The Reserve Bank of Australia is now just months away from offering government customers real-time access to its systems, after deciding on a provider for its new API-based integration solution.
The central bank recently entered a $2.4 million deal with Indian IT outsourcer HCL to provide the integration service that is being pitched to improve how transactional banking services are provided to government.
The cloud-based managed service contract follows a year-long search for a solution to securely expose information from the bank’s internal business applications.
The bank currently provides 90-odd government agencies with banking services, including processing bulk electronic direct credit and direct debit transactions relating to welfare and Medicare rebates.
But until now these agencies have had to rely on a web service - parts of which date back to when the RBA first started using web links decades ago - to gain access to their data with the bank.
Information is not always pushed through to government automatically, and often requires agencies to manually search for the data.
With the new API, government agencies will be given more flexibility to manage data, as well as information associated with that data, that they have with the bank.
“The intention is that the government will be able to get access to that data in real-time, which will be helpful for them,” RBA Assistant Governor Lindsay Boulton told iTnews.
“For example, if they are making a welfare payment, they’ll be able to get access to information that tells them that the payment has been made successfully through an API.”
While the solution will be available for all government customers, Canberra’s two biggest services agencies – the Department of Human Services and the Australian Taxation Office – are the ones expected to use it mostly heavily.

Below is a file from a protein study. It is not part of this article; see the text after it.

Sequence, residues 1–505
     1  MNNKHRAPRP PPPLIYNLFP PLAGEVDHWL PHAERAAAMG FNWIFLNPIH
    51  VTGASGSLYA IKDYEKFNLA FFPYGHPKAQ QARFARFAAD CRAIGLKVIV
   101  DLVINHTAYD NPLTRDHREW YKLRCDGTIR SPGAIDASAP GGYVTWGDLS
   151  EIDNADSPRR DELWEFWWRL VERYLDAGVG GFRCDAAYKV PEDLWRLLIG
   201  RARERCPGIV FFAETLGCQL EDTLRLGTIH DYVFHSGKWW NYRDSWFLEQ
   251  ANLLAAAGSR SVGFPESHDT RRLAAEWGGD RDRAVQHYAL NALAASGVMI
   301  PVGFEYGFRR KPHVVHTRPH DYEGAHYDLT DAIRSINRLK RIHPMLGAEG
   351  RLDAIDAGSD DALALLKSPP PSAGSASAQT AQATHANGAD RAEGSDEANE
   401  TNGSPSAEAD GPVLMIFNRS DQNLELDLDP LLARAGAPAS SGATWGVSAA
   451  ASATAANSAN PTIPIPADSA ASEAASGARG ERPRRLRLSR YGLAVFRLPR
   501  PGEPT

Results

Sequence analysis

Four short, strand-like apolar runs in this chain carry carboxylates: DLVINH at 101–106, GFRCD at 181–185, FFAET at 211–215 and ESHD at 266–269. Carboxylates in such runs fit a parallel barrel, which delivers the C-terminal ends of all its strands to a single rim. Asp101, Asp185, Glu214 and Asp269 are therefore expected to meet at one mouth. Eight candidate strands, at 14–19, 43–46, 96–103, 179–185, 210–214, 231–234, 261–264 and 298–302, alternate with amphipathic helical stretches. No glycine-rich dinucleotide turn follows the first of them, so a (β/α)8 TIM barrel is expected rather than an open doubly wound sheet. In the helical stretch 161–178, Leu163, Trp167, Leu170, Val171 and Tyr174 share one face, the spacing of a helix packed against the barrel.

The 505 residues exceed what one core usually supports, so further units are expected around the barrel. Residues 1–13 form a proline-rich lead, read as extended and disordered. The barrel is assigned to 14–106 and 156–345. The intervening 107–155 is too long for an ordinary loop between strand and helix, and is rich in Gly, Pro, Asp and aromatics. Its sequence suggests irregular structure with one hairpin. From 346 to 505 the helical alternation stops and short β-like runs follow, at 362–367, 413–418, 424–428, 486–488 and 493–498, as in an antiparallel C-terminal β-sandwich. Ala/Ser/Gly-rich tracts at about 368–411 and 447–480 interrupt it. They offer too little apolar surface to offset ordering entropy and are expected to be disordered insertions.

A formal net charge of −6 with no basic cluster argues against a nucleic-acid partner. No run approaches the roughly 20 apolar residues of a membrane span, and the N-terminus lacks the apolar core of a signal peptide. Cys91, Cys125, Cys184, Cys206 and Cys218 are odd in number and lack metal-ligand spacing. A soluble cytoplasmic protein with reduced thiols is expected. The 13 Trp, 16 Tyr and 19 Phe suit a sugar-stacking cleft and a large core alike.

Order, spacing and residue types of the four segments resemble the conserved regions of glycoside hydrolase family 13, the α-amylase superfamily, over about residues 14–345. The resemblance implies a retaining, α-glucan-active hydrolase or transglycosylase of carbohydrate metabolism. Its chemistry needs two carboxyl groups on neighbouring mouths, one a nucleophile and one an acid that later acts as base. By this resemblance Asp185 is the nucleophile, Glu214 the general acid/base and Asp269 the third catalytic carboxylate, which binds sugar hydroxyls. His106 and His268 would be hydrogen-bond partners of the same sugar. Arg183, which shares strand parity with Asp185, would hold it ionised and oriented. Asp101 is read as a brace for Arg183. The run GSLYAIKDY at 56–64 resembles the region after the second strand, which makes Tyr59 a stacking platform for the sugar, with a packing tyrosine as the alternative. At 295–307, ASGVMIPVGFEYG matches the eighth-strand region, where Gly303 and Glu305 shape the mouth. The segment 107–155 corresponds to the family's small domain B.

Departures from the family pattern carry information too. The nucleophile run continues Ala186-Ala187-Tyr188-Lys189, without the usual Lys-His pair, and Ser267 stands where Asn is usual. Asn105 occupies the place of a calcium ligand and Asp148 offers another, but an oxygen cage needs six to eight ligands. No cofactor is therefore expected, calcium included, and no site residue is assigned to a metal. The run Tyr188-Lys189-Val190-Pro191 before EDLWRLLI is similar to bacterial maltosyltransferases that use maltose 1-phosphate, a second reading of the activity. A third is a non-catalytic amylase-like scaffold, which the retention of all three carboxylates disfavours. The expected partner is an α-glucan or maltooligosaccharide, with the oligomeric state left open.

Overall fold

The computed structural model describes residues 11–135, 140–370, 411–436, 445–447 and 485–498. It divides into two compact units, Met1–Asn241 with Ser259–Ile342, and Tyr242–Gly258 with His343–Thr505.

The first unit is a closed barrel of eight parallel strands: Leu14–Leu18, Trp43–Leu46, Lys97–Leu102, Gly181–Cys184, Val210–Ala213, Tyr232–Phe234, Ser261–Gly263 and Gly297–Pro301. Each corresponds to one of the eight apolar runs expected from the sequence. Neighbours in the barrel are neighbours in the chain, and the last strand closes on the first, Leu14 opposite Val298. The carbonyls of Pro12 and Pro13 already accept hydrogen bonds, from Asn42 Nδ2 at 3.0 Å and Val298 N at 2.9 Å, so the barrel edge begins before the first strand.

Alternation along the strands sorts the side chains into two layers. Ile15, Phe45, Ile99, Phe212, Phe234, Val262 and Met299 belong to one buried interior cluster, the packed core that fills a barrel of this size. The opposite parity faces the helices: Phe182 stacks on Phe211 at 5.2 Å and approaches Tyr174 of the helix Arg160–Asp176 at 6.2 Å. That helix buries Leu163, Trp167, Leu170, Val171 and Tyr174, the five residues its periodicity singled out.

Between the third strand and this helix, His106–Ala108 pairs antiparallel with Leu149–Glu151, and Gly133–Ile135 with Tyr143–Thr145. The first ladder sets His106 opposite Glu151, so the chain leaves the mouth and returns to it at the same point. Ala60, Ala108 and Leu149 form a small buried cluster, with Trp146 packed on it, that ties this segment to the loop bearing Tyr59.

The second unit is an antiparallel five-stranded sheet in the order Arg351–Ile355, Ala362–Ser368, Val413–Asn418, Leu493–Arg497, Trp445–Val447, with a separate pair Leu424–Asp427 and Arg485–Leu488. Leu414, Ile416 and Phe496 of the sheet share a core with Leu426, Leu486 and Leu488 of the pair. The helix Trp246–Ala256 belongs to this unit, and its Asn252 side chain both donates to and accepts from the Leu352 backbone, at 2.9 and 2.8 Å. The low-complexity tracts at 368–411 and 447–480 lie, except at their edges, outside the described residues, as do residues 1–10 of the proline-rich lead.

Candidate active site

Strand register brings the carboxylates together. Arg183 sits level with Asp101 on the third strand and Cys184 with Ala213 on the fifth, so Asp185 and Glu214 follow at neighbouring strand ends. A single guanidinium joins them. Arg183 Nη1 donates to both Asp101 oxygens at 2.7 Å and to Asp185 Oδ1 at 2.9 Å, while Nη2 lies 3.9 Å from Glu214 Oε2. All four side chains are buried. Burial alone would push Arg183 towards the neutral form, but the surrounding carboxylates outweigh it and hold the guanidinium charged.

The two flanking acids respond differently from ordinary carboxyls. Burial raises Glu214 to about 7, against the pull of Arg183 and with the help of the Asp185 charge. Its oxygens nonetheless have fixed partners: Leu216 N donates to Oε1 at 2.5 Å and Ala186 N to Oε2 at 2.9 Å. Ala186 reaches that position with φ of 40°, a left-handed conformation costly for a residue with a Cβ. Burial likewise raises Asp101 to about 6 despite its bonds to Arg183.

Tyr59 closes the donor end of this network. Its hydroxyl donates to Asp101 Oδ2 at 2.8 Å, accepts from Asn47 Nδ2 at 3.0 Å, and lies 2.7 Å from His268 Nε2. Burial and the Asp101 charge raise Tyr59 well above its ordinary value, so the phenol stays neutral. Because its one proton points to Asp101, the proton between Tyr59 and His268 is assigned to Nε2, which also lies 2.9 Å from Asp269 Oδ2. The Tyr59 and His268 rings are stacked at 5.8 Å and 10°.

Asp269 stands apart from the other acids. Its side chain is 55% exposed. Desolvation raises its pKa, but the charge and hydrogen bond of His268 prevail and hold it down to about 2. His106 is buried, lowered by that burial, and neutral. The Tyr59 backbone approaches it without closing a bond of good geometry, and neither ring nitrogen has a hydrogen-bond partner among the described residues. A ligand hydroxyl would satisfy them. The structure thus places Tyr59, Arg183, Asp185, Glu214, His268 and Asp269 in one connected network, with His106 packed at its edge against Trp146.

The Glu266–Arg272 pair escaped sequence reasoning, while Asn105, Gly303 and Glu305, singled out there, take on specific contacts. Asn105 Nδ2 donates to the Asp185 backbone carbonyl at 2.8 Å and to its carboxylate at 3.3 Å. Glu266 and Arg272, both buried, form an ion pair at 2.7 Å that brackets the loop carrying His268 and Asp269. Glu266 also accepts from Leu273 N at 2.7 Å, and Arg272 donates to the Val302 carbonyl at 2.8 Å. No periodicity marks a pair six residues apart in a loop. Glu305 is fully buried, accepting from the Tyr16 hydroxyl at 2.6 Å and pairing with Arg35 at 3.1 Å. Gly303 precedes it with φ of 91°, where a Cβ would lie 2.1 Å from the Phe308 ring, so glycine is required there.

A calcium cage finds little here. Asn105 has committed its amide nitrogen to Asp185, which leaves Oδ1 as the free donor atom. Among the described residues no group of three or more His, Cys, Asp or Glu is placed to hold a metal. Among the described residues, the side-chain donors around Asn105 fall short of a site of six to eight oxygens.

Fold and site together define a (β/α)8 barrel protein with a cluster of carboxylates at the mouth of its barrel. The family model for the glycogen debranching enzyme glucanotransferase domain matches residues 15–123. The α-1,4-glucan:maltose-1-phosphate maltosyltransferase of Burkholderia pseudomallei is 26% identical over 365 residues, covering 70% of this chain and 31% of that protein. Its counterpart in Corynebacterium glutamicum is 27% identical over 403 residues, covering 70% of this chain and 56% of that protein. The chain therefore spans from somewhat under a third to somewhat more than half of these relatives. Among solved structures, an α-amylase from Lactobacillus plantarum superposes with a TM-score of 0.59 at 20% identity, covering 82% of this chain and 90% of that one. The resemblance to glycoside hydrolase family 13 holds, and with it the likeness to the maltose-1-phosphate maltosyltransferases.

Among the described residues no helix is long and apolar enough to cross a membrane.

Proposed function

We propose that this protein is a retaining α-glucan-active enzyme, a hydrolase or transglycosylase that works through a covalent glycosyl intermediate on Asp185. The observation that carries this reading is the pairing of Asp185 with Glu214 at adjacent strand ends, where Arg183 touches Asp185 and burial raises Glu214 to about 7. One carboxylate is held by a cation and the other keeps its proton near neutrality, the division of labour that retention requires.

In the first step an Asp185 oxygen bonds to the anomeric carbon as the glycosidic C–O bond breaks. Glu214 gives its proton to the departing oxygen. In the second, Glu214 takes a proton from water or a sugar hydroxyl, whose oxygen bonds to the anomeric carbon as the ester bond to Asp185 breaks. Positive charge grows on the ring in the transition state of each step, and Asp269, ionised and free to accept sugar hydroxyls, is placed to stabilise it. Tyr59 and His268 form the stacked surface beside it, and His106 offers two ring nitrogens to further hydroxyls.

“The Department of Human Services has a strong use case and will likely be our first customer to access the service,” Boulton said.
Boulton also indicated that the Department of Finance would find the API useful for “overseeing and managing the flow of payments and information around payments across different government agencies”.
“That will enable them to get more real-time data on how those flows are going so they can manage the government’s cash position a little bit better,” he said.
Drives NPP adoption
The API will also work hand-in-hand with the new payments platform (NPP), which Finance is keen to adopt to transform the decades-old financial practices used to manage public funds, particularly for real-time emergency welfare money or disaster payments.
The NPP allows for real-time payments between financial institutions and their customers, and has been a project of both the financial services industry and government since early 2012.
The intention is for the API to provide access to information, while actual payments will be made through the NPP, Boulton said.
“Essentially the API will give them the information that they need and enable them to do the analysis, and then they’ll be able to use the NPP on the back of that analysis,” he said.
The solution's scalable nature also means that the API could be used for the central bank’s other customers – such as overseas central banks – at a later stage.
Boulton indicated the bank was excited about the cloud-based managed service that will see HCL manage the integration service, including SLAs and any required upgrades, allowing the bank to focus its efforts elsewhere.
“We do have cloud services for other things, but this is probably stepping up to another level,” he said.
The API will be up and running and ready for testing in February 2019, ahead of the completion of the bank’s new core banking system mid next year.